Last month, Gallup and Access Group released a survey of law school alumni that revealed their personal opinions on the value of their law degree. It turns out that over time law grads have had a change of heart.
After interviewing about 7000 law school graduates who attended Campbell University Law School, Elon University School of Law, Mississippi College School of Law, Nova Southeastern University College of Law, Samford University School of Law, University of Richmond School of Law, and Vanderbilt University Law School, many recent graduates felt that their law degree wasn’t worth the cost, and that they wouldn’t live through the experience again.
The survey reported that out of the participants who graduated in 2000-2015, only 37% strongly agreed and 19% agreed with the statement that if they could go back and receive a law degree again they would. To the contrary, out of those graduating in 1960-1979, 68% strongly agreed with the statement and 14% agreed.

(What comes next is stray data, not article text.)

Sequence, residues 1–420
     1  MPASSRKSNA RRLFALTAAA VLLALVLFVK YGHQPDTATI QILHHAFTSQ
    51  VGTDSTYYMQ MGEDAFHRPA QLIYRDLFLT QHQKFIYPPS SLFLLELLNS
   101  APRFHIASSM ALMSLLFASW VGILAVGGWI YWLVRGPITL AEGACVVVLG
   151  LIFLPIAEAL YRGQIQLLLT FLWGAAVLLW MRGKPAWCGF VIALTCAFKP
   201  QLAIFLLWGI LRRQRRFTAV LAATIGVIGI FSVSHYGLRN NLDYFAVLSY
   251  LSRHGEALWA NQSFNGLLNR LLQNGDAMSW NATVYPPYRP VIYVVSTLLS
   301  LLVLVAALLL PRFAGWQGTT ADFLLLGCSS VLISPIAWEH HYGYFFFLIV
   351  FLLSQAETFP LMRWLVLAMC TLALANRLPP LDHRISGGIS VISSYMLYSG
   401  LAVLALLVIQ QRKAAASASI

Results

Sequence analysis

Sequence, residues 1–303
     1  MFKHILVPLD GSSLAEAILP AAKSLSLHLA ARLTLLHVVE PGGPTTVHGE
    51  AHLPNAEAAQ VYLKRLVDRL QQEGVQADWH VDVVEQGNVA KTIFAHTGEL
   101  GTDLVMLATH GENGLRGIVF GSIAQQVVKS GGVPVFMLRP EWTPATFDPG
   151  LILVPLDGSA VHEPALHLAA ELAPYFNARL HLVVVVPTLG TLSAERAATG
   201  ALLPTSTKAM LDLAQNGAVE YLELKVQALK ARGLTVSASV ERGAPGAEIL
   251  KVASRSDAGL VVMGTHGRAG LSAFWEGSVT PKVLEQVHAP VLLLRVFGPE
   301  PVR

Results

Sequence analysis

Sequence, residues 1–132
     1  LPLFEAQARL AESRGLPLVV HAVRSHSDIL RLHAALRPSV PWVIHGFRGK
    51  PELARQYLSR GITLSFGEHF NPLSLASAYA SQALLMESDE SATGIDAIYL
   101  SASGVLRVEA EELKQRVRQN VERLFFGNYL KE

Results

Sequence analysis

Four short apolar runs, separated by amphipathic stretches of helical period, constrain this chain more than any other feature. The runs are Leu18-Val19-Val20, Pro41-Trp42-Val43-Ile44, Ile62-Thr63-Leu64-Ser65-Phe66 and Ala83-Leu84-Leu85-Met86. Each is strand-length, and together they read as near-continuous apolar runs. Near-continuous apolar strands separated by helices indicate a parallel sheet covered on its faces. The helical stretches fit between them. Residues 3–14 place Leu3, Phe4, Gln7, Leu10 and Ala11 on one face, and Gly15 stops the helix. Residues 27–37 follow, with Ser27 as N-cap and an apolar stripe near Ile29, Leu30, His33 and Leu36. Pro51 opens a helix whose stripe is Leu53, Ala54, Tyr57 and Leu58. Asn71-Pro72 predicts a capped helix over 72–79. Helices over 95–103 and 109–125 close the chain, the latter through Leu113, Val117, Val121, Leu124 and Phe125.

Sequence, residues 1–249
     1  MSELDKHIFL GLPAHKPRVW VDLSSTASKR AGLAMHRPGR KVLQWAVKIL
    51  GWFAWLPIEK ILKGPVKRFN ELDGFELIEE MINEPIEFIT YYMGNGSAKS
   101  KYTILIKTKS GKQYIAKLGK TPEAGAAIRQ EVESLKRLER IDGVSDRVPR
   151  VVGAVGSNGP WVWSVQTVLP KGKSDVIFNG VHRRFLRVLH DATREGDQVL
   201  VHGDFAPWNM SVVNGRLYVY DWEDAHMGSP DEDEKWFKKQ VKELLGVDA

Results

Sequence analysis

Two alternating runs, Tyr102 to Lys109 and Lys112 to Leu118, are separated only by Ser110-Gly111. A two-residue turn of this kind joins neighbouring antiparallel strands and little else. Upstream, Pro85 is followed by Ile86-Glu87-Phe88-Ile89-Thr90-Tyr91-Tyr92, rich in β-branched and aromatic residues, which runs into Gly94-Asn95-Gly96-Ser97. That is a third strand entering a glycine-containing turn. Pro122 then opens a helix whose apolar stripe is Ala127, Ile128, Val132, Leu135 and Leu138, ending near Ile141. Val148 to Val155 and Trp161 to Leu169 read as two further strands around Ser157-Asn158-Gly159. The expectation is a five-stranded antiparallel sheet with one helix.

Likewise, the survey also had participants consider the financial value of their law degree. When asked if they agreed with the statement that their law degree was worth the cost, of those graduating in 2000-2015, only 20% strongly agreed and 25% agreed. Out of those graduating in 1960-1979, 75% of respondents strongly agreed and 19% agreed.
Aside from the money variable, participants were also questioned about their mental well-being. The findings show that recent grads aren’t as passionate about their work as their elders in the workplace.
When asked if they were deeply interested in the work that they do, only 33% of law graduates from 2010-2015 agreed. The percentage was similar to those graduating in 2000-2009. However, nearly twice as many of those who graduated in 1960-1969, agreed that they were deeply interested in their work, 62%.
Why do recent law graduates have a different of opinion from many of their mentors? Do you think that the value of your law degree was worth the cost? Let us know what you think.